By Matthew Morris
Every time there’s a humanitarian emergency, World Vision Australia (WVA) fields phone calls from dozens of people wanting to contribute their goods as relief. In almost every instance, we have to decline the offer–because cash is more agile and useful in emergencies, because the items most needed are pre-positioned in strategic locations and because it’s almost always more cost effective to procure goods in-country or at least in-region.
In-kind donations can, however, play a positive role in ongoing development programs, but that role has been dramatically reshaped and refined after decades of mixed results and, often, abject failure.
With private charitable donations contracting, and with the increasing need (and genuine desire) to engage the private sector in development activities, NGOs now look beyond traditional funding sources. This often takes the form of donated of physical goods.
In the 19th and early-20th centuries, sending physical goods overseas was the backbone of large charity operations–it was hoped that the shipment would cure whatever was ailing a disadvantaged community. However, providing the hardware of resources without the software of well-defined programs was largely unsuccessful, because it assumed the needs of communities and prescribed Western solutions.
But in many ways, what’s old has become new again, and international NGOs are increasingly turning to donated goods (“gifts-in-kind”) to support programming and free up cash resources. The risks associated with the acceptance and distribution of donated goods are myriad, and the failures litter development literature–as well as warehouses in Africa, Latin America and Southeast Asia.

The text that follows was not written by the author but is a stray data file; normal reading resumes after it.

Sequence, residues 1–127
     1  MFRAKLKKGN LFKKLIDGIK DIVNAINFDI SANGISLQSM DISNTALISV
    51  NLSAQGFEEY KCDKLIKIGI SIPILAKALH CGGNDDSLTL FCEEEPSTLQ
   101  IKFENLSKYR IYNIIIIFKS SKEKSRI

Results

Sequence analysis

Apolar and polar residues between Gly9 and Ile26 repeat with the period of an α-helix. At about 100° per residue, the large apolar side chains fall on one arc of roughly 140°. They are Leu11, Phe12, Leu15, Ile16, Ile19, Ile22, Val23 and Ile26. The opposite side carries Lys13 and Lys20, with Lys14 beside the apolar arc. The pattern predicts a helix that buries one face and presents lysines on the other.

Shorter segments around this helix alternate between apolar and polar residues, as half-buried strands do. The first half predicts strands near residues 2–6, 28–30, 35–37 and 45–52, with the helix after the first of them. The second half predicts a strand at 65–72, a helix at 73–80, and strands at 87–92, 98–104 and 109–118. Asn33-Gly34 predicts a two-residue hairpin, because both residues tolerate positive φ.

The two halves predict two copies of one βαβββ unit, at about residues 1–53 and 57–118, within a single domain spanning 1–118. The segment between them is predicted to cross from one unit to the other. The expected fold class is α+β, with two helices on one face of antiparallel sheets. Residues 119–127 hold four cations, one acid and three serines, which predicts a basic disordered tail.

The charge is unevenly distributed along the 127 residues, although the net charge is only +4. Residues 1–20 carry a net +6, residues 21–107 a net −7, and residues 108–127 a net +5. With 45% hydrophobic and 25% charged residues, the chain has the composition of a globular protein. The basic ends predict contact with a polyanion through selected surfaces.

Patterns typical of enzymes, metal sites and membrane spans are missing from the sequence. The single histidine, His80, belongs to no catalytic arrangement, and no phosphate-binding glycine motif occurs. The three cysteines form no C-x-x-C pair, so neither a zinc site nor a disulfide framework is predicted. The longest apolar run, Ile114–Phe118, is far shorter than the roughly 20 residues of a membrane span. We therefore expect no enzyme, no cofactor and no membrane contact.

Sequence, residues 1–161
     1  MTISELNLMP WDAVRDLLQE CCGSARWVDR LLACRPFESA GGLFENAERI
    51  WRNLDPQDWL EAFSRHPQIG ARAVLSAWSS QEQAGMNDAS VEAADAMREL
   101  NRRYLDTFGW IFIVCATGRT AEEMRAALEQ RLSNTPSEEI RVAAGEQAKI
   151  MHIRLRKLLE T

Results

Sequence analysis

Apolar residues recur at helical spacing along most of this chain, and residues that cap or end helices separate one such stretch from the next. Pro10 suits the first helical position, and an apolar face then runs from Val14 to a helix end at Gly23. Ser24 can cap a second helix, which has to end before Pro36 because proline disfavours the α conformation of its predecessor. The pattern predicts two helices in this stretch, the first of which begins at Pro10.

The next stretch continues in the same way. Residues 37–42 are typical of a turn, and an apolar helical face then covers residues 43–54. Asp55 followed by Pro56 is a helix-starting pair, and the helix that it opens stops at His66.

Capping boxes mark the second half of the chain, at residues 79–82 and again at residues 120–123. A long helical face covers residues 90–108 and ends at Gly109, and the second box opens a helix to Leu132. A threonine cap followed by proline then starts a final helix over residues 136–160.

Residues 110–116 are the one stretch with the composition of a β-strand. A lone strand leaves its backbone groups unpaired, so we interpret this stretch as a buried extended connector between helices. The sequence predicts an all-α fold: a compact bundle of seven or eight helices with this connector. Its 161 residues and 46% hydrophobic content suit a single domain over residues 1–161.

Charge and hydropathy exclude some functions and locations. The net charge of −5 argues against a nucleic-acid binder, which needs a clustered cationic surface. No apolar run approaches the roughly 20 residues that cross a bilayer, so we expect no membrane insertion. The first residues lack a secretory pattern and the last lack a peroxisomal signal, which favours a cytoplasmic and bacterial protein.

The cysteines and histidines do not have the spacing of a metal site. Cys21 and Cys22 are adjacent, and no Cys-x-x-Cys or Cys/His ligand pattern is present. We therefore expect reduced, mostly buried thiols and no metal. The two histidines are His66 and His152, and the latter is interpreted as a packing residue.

In examining failure, motivation is key: corporate donors can often claim donated goods as tax deductions, and NGOs can often record gifts-in-kind as income. These two motivators are powerful, and often cloud the process of deciding what to accept.
Goods are often sent without consideration of local economic circumstances, and no primary producer in a developing country can compete with freely distributed items in their market. Similarly, goods can be sent without regard to local culture or need, leading to confusion and unused resources. Inferring that all failure comes down to financial incentives is too simplistic: the vast majority of corporations and organisations donating goods want to help. But without quality local staff and effective programming, the results tend to be negative.
Whilst WVA has been implementing donated goods in field programming since the early-1990s, we reached a definitive moment in 2006: there was a realisation that, in many cases, donations had become a way for corporations to offload excess stock, rather than a way to provide for priority resource needs in the field. As a result, the organisation made a comprehensive change.
The focus on the nominal income of donations was removed, and their impact was prioritised–bettering outcomes for both beneficiaries and corporate donors.
Resource donation should never emphasise a donor’s or NGO’s financial interests. For donated goods to have any meaningful impact, the focus must be on strategic acquisition and integration of resources that will genuinely contribute to achieving program objectives and bettering the lives of beneficiaries.